The Russians, who were not unhappy with this outcome, came to regard Basayev as a competent commander. But they were soon to regret this acquired competence when in December 1994, they invaded Chechnya to depose Dudayev and reassert Moscows authority over the rebellious territory. Basayev, who had kept his Abkhaz Battalion together and in training, now launched it against an ill-led and illprovisioned Russian occupying force.
Nevertheless, after early successes the Abkhaz battalion began to suffer heavy losses. Basayev now resorted to large-scale terrorist acts on Russian soil to alert the world to the Chechen cause. Among these was the holding of 2,000 hostages in a hospital in the southern Russian town of Budennovsk. More than 100 of these died when Russian forces stormed the building, Basayev and his immediate followers succeeding in making good their escape.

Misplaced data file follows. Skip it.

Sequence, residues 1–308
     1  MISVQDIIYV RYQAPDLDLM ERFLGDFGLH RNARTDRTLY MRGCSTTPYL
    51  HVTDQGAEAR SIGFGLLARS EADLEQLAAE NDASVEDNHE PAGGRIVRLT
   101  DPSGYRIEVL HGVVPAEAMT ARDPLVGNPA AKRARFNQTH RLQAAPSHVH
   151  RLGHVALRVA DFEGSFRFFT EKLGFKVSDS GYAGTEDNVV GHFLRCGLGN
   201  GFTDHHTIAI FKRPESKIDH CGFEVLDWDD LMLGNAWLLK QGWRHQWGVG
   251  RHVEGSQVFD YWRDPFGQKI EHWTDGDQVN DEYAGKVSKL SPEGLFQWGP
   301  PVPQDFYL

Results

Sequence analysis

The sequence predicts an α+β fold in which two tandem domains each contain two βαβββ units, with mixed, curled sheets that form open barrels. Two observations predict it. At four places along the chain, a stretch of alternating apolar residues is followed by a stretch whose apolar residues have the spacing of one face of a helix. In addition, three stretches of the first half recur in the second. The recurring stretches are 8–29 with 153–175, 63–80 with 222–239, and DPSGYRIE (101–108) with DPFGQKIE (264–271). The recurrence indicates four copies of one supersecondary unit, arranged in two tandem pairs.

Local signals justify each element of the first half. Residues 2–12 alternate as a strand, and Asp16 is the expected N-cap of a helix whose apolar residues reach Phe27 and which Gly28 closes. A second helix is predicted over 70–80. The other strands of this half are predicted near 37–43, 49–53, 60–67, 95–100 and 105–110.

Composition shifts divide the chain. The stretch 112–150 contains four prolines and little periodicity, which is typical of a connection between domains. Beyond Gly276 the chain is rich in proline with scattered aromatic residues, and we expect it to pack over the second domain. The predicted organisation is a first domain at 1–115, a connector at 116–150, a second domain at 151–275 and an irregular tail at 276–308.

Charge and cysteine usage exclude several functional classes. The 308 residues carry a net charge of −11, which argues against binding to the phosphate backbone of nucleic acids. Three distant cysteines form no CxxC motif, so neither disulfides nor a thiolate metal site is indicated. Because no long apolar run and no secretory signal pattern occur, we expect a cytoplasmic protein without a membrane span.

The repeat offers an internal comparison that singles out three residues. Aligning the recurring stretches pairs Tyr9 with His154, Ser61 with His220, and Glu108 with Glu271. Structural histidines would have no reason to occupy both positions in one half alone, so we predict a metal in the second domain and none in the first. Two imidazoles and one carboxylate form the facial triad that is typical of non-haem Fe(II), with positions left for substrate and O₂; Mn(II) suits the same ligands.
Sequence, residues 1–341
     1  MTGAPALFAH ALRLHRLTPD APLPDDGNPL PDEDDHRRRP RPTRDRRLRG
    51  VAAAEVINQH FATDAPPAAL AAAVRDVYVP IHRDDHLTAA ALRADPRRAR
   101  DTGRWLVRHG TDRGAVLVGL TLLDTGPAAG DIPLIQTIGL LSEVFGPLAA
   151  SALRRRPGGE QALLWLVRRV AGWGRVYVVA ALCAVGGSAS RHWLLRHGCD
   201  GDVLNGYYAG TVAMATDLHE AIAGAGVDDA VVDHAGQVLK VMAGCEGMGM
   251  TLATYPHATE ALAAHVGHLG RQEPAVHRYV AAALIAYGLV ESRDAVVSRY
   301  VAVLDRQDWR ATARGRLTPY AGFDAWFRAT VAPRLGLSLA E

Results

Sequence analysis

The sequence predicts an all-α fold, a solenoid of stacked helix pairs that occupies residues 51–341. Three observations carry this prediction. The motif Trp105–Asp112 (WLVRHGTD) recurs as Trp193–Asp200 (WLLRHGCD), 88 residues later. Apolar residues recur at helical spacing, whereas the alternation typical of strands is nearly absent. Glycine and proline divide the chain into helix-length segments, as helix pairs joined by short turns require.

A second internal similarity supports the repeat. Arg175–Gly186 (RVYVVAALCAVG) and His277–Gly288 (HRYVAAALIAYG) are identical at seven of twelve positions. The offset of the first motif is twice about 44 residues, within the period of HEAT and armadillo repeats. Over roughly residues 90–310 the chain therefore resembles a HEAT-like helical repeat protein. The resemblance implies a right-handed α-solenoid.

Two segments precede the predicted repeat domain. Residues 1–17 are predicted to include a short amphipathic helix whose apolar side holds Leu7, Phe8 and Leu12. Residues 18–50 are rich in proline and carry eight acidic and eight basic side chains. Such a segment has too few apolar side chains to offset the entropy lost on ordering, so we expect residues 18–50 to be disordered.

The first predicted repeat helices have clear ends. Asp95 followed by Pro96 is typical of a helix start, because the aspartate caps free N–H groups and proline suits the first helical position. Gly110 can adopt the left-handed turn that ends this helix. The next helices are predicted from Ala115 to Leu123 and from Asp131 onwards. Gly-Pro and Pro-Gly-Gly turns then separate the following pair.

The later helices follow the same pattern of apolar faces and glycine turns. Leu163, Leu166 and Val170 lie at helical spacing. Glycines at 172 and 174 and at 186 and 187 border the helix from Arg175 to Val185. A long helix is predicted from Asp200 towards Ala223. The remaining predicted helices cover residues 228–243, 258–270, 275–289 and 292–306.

By now he had become an internationally known figure and with Russian morale at a low ebb was was given command of Chechnyas forces on his return to Grozny. In August 1996 he launched an offensive that drove the Russians out of Grozny.
For a brief period some sort of political normality appeared possible for Chechnya. After a presidential election, which he contested with the more moderate separatist Aslan Maskhadov, to whom he lost, Basayev was appointed Prime Minister of Chechnya by the new President. Relations between the two men soon broke down, however, and Basayev lasted only six months in the post. (Maskhadovs Government would later be deposed and he was killed in a Russian attack in 2005.)